There’s a famous rum smuggler named Cleo who ran rum from the Bahamas to Florida. She was beautiful, carried a gun on her hip, and became kind of a pirate queen of the Caribbean in the 1920s. You can read about her, and I hope to do a sequel to The Rum-Running Queen where Mary can meet Cleo, Amelia Airheart, and a bunch of other historical figures.

But the other main character in the book is Hellen. She’s the opposite of the uneducated and unrefined Mary Sharpe. Hellen is her nemesis, and she’s based loosely on a real-life French dancer, model, and race car driver Helle Nice. 

The real Helle disappeared from the world stage and died alone and unknown in France. So, I feel like by including her in my comic, more people can learn about her. I don’t want her to disappear into obscurity, and so I hope you’ll go online and find more about Helle and many others. I hope that my book draws attention to some of these amazing historical figures who’re lesser-known than Al Capone. 

The Rum Ration: Who are some of your favourite comic writers and have they influenced your work in any way?

Damian Wampler: I was really struck by Matt Fraction’s run on Hawkeye because I felt like it showed how you could push the boundaries of writing and art. And I’ve been lucky to have been able to sit and chat with a couple of great comic book creators. 

I’ve been able to spend some time talking to Van Jensen, David Mack, and Craig Thompson. These were all valuable experiences because I could pick their brains and get their perspective on the creative process. I also learned about their own personal philosophy and got some insights about the comic book industry. 

From these meetings I got empowered to take risks, have fun, and experiment. They taught me that creator-owned comics are a place where you can break the rules. Take a look at the 22-page long single panel spread in Six Million Dollar Man: Fall of Man #3. I tried to push the limits of what can be done with sequential art with The Rum-Running Queen.

The Rum Ration: What’s been your experience with drinking rum and do you have any favourite brands?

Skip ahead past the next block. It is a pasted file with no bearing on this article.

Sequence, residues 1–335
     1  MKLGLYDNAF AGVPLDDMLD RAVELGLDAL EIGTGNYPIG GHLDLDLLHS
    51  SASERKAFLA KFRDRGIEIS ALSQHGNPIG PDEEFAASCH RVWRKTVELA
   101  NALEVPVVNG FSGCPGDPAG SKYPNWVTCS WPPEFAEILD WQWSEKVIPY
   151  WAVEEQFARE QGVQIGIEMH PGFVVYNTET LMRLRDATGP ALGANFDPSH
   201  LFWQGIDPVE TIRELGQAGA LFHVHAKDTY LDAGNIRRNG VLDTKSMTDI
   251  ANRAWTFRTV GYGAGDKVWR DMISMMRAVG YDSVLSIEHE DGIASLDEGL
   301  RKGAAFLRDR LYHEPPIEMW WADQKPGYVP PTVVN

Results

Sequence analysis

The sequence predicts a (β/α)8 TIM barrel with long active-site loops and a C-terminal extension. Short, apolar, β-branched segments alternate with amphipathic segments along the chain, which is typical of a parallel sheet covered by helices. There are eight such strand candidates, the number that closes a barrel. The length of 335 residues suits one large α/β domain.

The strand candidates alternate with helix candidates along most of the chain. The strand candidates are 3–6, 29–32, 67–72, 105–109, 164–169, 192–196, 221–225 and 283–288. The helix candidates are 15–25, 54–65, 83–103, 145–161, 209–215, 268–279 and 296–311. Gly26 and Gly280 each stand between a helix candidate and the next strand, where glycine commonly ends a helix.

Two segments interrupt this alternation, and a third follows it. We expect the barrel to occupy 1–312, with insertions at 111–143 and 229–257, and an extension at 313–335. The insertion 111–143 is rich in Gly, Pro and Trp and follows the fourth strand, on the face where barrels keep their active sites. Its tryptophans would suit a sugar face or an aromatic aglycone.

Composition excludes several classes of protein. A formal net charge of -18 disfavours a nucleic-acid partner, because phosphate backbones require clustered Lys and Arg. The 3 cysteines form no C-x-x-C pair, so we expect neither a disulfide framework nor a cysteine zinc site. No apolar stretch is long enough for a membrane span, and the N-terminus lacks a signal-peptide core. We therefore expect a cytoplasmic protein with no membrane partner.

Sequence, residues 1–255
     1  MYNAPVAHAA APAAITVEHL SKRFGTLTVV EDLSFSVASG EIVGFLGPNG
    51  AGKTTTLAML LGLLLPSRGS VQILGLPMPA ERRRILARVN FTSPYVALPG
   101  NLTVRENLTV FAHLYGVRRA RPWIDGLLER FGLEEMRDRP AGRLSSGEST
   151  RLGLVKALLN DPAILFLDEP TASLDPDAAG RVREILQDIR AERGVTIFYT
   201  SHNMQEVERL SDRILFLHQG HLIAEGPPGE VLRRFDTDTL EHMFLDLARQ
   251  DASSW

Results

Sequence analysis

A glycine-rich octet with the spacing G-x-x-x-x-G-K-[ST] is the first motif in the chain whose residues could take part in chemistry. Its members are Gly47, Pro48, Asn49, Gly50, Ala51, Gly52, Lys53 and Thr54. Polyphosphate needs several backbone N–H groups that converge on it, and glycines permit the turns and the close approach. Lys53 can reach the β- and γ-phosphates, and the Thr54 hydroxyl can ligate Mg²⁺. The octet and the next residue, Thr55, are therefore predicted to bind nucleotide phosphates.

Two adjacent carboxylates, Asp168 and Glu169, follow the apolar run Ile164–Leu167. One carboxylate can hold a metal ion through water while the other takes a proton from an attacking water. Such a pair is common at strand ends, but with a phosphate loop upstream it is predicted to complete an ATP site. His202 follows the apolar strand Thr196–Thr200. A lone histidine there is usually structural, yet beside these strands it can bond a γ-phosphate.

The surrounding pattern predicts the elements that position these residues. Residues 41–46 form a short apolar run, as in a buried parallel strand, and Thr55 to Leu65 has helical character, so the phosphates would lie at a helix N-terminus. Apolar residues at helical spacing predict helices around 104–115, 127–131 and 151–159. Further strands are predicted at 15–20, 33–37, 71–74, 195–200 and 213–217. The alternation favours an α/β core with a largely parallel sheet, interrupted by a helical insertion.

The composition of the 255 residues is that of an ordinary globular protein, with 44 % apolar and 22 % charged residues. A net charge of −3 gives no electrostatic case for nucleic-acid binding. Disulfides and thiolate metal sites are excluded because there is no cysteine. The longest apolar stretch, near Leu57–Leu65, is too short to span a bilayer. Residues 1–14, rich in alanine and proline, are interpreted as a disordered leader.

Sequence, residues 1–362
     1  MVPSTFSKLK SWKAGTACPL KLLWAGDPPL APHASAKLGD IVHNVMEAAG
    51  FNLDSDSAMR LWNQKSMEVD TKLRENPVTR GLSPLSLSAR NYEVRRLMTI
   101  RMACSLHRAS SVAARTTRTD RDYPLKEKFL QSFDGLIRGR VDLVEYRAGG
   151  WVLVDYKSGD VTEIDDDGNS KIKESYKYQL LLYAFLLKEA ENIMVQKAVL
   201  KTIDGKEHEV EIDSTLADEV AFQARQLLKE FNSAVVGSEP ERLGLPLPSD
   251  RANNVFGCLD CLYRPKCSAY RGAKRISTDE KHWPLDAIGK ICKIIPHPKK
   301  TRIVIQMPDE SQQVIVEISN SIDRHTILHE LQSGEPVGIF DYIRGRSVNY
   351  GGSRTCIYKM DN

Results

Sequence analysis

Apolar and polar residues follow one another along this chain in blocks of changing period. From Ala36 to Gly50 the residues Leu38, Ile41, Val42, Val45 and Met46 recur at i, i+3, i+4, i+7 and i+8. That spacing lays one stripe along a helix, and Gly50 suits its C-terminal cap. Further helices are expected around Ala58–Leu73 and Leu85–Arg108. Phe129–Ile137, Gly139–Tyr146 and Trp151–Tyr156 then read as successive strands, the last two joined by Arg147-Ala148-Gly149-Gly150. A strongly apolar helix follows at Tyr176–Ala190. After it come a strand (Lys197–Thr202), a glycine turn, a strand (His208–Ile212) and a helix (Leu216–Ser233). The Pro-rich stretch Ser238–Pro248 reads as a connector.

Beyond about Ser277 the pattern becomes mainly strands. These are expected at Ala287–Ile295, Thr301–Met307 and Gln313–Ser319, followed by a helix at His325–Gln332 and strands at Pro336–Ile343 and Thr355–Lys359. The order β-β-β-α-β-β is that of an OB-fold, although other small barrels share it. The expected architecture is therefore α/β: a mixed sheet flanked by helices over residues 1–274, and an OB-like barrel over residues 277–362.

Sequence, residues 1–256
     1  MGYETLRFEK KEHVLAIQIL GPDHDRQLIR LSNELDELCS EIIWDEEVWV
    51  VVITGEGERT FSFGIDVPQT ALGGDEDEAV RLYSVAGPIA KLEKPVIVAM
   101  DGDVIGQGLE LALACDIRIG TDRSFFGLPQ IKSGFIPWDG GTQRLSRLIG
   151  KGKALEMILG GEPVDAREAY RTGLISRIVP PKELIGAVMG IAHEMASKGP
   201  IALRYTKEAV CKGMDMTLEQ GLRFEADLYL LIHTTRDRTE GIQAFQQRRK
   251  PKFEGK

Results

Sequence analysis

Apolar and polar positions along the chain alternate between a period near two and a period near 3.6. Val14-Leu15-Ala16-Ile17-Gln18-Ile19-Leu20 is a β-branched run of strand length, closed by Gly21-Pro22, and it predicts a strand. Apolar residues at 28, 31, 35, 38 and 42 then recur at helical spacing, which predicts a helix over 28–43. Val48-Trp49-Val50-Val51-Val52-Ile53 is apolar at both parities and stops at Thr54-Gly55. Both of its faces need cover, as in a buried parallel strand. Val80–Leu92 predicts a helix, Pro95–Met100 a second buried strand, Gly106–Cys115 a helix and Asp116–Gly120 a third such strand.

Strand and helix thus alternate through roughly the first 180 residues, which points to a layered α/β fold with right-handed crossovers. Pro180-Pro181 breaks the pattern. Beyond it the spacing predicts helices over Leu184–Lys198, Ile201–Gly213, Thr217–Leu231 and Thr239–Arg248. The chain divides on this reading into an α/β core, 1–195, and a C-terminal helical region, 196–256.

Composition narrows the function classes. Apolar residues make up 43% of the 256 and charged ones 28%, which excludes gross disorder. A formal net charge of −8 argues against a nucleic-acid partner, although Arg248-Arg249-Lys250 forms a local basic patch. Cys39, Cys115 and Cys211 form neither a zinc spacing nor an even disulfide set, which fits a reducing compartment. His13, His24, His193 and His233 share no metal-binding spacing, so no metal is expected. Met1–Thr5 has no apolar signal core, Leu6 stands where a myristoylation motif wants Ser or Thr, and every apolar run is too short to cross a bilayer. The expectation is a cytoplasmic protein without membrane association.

Damian Wampler: Believe it or not, I was a bartender for a few years in New York City. I was young and had a ton of energy, so I went to bartending school and then worked at a bar and comedy club in the West Village after my day job. I was working about 16-18-hour days, sometimes riding my bike from Brooklyn to Manhattan. 

The bar and comedy club is famous for being the place where Jerry Sinefield and a ton of other comedians got their start. I’ve stood an inch away from Dave Capelle and Chris Rock and a bunch of others – many of the comedians who got their start at the Comedy Cellar come back to do surprise shows or test out material. 

Chris Rock came in every night, totally unannounced, to practice his material for his New Year’s Eve show at Madison Square Garden. That venue holds thousands, and we all got to hear the material in a room that holds maybe 120 people. It’s all totally impromptu, you don’t get a heads up when one of these people decides to drop in and just start doing stand-up. If you want to know what bar I’m talking about, there’s a documentary called Comedian that came out in 2002. 

This may sound strange and ever sacrilegious for rum aficionados, but I like to drink spiced rum with black tea and two sugar cubes. Don’t kill me, but it’s really good. When I was living in central Slovakia teaching English at a university there, my friends introduced me to this drink.  I don’t have a favorite rum brand, just this drink. 

The Rum Ration: What other booze related stories would you recommend for readers who’re interested in the noir genre?

Damian Wampler: I choose my genre based on the theme and the message of my story.  I can’t say that I have a lot of booze related stories to share, but I will encourage everyone to read all the Sin City you can get your hands on!

The Rum Ration: Name the most unusual type of cocktail you’ve ever tried and what it tasted like. 

Damian Wampler: Having been a bartender, I’ve seen a lot of drinks, good and bad. If you don’t know what a Jersey Shot is, I won’t tell you.